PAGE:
Wednesday, January 30, 2013

Seamus Heaney and Simon Armitage, Inspirations at the Tricycle Theatre

Two fine poets select an invigorating programme of poetry and prose.

Inspirations: From l-r, Seamus Heaney, Jenny Jules, Charles Dance and Simon Armitage
Inspirations: From l-r, Seamus Heaney, Jenny Jules, Charles Dance and Simon Armitage Photo: George Torode / English PEN
I can’t think of a better way to spend a winter’s evening than in the company of two fine poets. Organised by English Pen (all proceeds went to the charity), Inspirations at the Tricycle Theatre in North London brought Seamus Heaney and Simon Armitage on stage together. Each poet selected 10 pieces of writing – verse or prose – that meant something special to them. Bringing the readings to life were the actors Charles Dance and Jenny Jules.

Heaney quoted the Irish poet Patrick Kavanagh’s 11-word autobiography, “A man dabbles in verse and finds it is his life”, before introducing the opening of “The Great Hunger”. Dance read the rich landscape descriptions in a light Irish accent: “We will wait and watch the tragedy to the last curtain, / Till the last soul passively like a bag of wet clay / Rolls down the side of the hill.”
Although he has a natural affinity with Irish writers, Heaney has also looked outside his native land for poetic models. His collection Station Island was inspired by Robert Lowell’s versions of Dante. We heard a passage from Canto 15 of Inferno, in which the Italian poet is astonished to find his old teacher on the burning sands. At this point, it would have been nice to have also heard Heaney’s “Ugolino”, a deft translation from Dante’s terrifying account of a starving nobleman who eats his children. (A great hunger, indeed.)

We were kept waiting until his final choice for Heaney to read his own work. The piece was “Two Lorries” – “one of the least romantic titles for a poem ever”, he drily noted – which opens in the Forties with a memory of his mother having coal delivered: “It’s raining on black coal and warm wet ashes.” The last two words seemed familiar. Then I recalled something from Heaney’s sixth choice, James Joyce’s Ulysses, in which Stephen Dedalus’s dead mother appears in a dream smelling of “wetted ashes”. Was this a felicitous coincidence or did Heaney want us to spot the borrowing? Whichever, it felt like a glimpse into the poet’s creative method.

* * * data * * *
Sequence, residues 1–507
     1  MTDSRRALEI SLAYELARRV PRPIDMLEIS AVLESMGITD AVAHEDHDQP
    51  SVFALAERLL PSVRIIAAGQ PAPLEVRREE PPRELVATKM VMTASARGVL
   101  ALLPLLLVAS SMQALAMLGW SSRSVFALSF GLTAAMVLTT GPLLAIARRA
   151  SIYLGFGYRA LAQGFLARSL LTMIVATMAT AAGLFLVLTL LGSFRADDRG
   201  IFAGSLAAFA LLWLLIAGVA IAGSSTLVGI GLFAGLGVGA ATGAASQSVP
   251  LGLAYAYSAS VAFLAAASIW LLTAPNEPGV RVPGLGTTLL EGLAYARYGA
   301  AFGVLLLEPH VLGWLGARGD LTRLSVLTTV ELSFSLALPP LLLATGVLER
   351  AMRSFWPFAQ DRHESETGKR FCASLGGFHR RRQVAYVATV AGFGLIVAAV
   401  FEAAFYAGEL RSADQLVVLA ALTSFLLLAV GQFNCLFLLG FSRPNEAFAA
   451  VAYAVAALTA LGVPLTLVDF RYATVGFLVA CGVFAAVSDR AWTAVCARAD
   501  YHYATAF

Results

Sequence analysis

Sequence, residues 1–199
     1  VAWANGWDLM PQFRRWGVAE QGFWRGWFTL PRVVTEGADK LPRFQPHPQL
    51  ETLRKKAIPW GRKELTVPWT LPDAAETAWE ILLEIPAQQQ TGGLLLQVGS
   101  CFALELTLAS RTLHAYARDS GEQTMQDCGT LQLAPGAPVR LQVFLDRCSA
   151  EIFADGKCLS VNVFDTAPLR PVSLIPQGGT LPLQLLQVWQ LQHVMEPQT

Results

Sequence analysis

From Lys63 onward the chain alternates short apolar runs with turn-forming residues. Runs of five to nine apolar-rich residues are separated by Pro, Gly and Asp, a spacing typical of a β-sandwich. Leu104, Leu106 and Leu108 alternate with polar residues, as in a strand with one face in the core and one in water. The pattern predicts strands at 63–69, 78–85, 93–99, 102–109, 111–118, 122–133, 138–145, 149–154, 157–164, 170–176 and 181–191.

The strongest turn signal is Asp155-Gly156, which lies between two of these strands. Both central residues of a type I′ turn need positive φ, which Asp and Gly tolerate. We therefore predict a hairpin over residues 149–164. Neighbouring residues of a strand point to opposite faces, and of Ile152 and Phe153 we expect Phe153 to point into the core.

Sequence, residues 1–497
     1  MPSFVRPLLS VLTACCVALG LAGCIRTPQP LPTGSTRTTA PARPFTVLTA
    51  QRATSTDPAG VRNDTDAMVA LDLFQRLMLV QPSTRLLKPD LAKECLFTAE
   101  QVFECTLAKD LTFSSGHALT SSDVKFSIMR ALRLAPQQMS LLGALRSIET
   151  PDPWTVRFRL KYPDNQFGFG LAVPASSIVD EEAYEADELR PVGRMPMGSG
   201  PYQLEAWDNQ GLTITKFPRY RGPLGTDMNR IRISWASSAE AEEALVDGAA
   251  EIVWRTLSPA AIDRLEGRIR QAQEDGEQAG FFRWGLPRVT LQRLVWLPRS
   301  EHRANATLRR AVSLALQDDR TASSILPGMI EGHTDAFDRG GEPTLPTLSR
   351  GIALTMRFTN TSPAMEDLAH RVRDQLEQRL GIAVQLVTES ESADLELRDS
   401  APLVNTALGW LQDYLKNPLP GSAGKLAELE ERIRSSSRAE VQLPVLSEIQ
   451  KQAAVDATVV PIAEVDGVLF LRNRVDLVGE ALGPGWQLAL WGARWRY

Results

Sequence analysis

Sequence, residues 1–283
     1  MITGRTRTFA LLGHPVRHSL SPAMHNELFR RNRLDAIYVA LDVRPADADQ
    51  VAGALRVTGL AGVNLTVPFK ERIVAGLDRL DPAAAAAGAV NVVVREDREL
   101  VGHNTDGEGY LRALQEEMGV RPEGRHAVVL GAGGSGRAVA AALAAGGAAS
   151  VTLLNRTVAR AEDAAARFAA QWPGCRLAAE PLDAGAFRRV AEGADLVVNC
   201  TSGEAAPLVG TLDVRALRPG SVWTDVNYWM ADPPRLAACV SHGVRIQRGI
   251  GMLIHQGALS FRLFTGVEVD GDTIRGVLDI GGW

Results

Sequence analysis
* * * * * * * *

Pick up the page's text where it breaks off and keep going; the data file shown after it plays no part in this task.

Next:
Armitage selected Waiting for Godot by that reluctant Irishman Samuel Beckett. It was a shame, though, that Dance and Jules were not especially well-rehearsed and stumbled on the quickfire back and forths. Jules later redeemed herself with a moving rendition of “We Are Seven”. Thousands flock to Wordsworth country each year, said Armitage, but how many still read him? His poems might be “sentimental and preachy”, he added, but they cut right to the heart. Few who heard the ballad about a girl refusing to accept the deaths of her brother and sister could disagree.
To end, Armitage chose DH Lawrence’s poem “Bavarian Gentians”, which he had recently heard Geoffrey Hill read at a similar event in Manchester. Armitage told us that, when he’s creatively stuck, he looks again at Lawrence’s descriptions of the “ribbed and torchlike” flowers, and imbibes its “ease and grace”. After two hours of readings, the audience left similarly refreshed. 

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